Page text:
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With IPO, Alibaba Hopes To Compete In The West


Shares of the Chinese e-commerce company Alibaba began selling on the New York Stock Exchange today and it was a pretty impressive performance. Alibaba shares were sold to insiders for $68 and finished the day at nearly $94. The surge in price makes Alibaba, which is little known in the United States, one of the biggest and most powerful Internet companies in the world. NPR's Jim Zarroli reports.

JIM ZARROLI, BYLINE: Before today it was unclear whether the Alibaba initial public offering would meet expectations. The company has a huge presence in China but retail investors in the United States weren't said to be showing all that much interest in the company. That all changed today. At one pint shares were selling a nearly $100 each.

JAY RITTER: This is for investors who bought at the offer price phenomenal.

ZARROLI: Jay Ritter is a professor of finance at the University of Florida.

RITTER: The first day capital gains on the 368 million shares sold is approximately $10 billion, more than any IPO in human history.

ZARROLI: On the floor of the New York Stock Exchange Alibaba's energetic founder, a former English teacher named Jack Ma, fielded congratulations with his usual air of studied humility. Ma is now a billionaire many times over and many of his employees are millionaires. But appearing on CNBC Ma insisted the money wasn't important.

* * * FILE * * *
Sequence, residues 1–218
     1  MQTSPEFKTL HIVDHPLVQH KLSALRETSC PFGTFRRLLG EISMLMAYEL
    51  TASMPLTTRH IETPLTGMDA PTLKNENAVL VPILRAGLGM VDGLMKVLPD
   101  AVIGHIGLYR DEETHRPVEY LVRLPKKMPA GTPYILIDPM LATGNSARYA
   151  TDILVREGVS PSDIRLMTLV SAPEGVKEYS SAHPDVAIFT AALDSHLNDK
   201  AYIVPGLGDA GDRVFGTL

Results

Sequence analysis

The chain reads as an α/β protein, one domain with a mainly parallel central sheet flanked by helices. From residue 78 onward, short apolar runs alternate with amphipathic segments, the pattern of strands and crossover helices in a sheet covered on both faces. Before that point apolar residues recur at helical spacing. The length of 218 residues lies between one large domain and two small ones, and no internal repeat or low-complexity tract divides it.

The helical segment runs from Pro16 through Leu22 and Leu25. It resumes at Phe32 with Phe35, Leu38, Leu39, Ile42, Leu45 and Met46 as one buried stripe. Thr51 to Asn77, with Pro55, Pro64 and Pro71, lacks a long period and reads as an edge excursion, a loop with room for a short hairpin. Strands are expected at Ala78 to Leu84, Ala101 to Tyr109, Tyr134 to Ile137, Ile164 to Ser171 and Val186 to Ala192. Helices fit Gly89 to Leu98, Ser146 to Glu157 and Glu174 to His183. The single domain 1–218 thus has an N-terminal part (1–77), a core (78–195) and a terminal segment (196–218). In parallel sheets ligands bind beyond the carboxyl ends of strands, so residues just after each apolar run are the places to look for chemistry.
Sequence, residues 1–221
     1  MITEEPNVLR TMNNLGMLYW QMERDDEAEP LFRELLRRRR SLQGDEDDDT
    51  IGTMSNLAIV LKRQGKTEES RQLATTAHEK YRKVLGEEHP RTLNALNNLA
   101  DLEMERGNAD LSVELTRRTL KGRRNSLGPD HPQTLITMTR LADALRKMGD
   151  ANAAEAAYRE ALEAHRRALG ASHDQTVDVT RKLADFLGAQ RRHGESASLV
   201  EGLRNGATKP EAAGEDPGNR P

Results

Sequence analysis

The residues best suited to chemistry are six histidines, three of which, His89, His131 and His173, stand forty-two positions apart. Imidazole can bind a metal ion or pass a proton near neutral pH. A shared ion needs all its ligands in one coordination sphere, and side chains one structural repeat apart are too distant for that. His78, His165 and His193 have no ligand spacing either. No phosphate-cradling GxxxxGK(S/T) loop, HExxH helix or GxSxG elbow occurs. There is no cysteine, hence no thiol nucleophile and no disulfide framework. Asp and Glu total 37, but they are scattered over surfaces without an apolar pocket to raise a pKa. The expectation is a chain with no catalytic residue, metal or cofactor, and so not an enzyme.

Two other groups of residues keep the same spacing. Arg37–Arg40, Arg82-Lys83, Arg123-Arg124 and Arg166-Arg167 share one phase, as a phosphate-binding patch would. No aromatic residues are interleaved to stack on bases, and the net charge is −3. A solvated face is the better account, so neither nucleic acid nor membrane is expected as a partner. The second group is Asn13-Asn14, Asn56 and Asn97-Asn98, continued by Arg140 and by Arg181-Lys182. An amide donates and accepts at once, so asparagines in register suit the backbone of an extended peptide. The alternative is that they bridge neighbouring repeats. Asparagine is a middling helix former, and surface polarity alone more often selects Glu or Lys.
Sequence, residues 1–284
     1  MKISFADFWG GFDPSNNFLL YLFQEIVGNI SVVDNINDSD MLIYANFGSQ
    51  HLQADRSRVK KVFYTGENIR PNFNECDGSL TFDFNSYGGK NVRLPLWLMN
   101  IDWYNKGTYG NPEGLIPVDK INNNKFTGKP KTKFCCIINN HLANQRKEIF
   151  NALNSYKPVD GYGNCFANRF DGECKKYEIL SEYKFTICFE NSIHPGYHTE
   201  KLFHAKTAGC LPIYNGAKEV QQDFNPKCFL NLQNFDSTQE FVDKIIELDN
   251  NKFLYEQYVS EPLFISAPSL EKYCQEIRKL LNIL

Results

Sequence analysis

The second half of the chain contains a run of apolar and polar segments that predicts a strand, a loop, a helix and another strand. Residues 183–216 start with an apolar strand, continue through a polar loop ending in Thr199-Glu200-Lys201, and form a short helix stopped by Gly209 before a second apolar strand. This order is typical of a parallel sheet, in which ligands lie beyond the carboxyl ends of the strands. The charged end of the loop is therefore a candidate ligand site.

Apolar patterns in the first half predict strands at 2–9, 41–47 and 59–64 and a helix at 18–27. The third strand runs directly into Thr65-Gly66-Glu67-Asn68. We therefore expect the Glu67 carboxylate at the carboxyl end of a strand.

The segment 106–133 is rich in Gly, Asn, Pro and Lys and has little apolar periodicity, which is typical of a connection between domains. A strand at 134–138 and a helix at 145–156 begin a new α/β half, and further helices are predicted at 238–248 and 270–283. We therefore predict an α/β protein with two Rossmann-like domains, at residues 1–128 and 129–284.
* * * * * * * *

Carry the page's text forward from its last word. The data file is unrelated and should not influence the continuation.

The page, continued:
JACK MA: So to me the price up and down and all, my people worry about it. I worry about whether the customer happy?

ZARROLI: Customers, he said are his priority, followed by his employees and then his shareholders. That is his Ma's mantra and it has helped make Alibaba hugely popular with Chinese consumers and businesses. Now Alibaba is hoping to compete in the West and the money raised today will give it a big leg up says Kathleen Smith of Renaissance Capital.

KATHLEEN SMITH: It will have based on the IPO proceeds, both the capital and also the currency in its stock to expand.

ZARROLI: A few years ago Smith says investors in the West turned away from Chinese companies, in part because of doubts about their accounting practices. But the huge growth in Asia has proven irresistible to investors and lately Chinese IPOs have been pretty successful.

SMITH: The 11 and now Alibaba's the 12th that have been done so far this year, have traded up - not a single one down. So that's getting investors' confidence that, you know, maybe the coast is clear.

ZARROLI: That's not to say there aren't some residual doubts about Alibaba shares. Some corporate governance experts both in the U.S. and Europe have warned about the company's shadowy management structure. The board is controlled by a select group of more than two dozen shareholders and other investors have no say in the matter. Jay Ritter says the company's share price may also be a bit high.

RITTER: Investors are paying a price that's reflecting very optimistic assumptions about those future profits. If the company doesn't deliver the stock price is going to suffer.

ZARROLI: Some of the biggest IPOs in recent years have proven disappointing. Shares spiked on opening day and then gradually deflated. But so far at least a lot of investors remain pretty excited about Alibaba's prospects and they're willing to tuck aside any doubts they may have about the company. James Zarroli, NPR News, New York. Transcript provided by NPR, Copyright NPR.

Jim Zarroli is an NPR correspondent based in New York. He covers economics and business news.
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